Conservatives who want to repeal the estate tax on large fortunes have cited stories -- most of them don't check out -- about farmers having to sell their farms to pay inheritance taxes. But the implication of these attacks on the Frosts is that they are expected to sell their investment property to pay for health care. Why?
Because, replies Powerline's Paul Mirengoff, "... [C]onservatives don't 'tell people' to own an expensive home to the detriment of being able to buy health insurance for their children." Instead, they tell people to buy health insurance for their children to the detriment of having a place to live.
And, while many conservatives support vouchers to help poor kids escape from terrible public schools, they would finance the vouchers with the money already being spent to educate these kids in public schools, not with a new spending program. Thus, when Dionne writes, "Federal money for private schools but not for health insurance? What's the logic here?" he is hiding the ball.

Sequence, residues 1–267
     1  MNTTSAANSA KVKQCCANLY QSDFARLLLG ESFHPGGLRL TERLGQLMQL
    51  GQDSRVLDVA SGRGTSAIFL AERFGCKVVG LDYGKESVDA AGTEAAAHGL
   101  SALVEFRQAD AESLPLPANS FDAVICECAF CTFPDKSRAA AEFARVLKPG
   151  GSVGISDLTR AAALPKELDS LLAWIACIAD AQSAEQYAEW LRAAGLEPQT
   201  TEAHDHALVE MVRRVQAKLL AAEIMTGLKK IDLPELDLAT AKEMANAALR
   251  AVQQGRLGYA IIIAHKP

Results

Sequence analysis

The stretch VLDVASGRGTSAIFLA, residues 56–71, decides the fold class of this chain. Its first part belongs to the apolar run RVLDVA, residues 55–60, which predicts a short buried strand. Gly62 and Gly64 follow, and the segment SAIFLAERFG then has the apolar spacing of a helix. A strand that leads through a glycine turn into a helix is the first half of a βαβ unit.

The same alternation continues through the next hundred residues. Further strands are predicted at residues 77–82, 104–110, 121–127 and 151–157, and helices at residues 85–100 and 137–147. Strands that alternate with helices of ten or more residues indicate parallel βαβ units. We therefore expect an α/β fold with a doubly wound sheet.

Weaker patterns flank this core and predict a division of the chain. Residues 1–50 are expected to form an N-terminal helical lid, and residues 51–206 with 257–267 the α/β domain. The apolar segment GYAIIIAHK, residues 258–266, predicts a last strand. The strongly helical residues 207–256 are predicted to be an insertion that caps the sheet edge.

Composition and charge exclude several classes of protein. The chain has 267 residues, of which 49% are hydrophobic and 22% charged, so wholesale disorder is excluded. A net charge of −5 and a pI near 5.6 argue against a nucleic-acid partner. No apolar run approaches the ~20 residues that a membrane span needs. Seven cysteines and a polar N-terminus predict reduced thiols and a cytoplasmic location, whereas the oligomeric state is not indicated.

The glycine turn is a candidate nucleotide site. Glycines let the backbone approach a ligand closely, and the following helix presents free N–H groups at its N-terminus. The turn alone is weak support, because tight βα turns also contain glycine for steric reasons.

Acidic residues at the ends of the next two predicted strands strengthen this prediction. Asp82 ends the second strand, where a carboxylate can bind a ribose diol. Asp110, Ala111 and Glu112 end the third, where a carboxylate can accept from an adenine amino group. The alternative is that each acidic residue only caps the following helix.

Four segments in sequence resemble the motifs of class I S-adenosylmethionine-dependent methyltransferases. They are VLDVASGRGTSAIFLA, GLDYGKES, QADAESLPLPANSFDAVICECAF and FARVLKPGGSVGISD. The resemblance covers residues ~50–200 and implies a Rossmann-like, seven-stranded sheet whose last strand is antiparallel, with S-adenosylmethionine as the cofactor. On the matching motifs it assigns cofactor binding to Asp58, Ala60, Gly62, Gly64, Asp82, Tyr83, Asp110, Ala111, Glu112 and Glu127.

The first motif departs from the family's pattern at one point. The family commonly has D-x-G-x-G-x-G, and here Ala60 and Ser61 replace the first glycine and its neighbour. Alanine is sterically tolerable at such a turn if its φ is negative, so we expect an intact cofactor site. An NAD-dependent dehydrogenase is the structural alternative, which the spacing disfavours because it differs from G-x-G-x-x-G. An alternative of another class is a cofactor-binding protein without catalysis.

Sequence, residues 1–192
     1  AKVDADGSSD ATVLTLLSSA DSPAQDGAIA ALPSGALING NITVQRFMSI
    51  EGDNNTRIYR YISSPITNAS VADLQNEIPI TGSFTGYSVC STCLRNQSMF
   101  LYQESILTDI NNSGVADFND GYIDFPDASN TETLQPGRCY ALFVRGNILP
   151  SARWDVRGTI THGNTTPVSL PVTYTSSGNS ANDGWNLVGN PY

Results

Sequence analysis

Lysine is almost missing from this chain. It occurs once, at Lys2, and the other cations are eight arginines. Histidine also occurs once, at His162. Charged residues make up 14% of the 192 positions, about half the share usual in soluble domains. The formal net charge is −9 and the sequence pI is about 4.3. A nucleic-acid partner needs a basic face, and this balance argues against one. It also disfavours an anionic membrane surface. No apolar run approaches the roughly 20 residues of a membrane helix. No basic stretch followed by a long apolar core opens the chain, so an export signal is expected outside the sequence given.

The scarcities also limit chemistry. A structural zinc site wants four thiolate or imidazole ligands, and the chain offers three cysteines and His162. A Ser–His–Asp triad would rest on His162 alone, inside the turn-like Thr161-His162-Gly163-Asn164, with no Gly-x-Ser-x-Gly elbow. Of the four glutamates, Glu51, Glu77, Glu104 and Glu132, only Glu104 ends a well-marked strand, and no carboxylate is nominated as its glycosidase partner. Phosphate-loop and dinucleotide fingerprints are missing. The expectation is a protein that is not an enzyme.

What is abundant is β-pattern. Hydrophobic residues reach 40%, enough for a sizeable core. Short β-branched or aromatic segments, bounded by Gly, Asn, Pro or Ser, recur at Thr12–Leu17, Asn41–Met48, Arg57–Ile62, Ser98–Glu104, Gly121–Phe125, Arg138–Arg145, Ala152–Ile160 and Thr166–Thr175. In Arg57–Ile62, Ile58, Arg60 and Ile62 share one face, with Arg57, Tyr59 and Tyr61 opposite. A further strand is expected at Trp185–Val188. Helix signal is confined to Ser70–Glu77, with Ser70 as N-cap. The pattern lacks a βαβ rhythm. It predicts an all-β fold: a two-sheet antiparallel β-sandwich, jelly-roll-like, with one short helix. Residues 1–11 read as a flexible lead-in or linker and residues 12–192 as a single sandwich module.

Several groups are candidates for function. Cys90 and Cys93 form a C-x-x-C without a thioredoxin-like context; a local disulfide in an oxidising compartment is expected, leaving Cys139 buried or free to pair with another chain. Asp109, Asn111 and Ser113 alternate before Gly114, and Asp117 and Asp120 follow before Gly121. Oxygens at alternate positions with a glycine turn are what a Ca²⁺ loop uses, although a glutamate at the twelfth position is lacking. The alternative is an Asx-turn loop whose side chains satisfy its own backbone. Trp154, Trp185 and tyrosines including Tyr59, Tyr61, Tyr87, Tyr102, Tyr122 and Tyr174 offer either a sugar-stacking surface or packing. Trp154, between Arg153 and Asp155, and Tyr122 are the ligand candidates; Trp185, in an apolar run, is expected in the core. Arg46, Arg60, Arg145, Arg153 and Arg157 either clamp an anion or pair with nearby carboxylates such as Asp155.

Which, of course, does not answer Dionne's question at all. The far right has been attacking Halsey and Bonnie Frost for not getting full-time jobs and selling everything they own to pay for health insurance. Why don't these same right-wing extremists demand that parents get better jobs and sell everything they own so they can move to where the public schools are better -- or so they can pay for private schools on their own? Why do Bush conservatives think it's right and proper to help parents get their children into private schools, but not to help parents buy health insurance so their children can receive medical care when needed?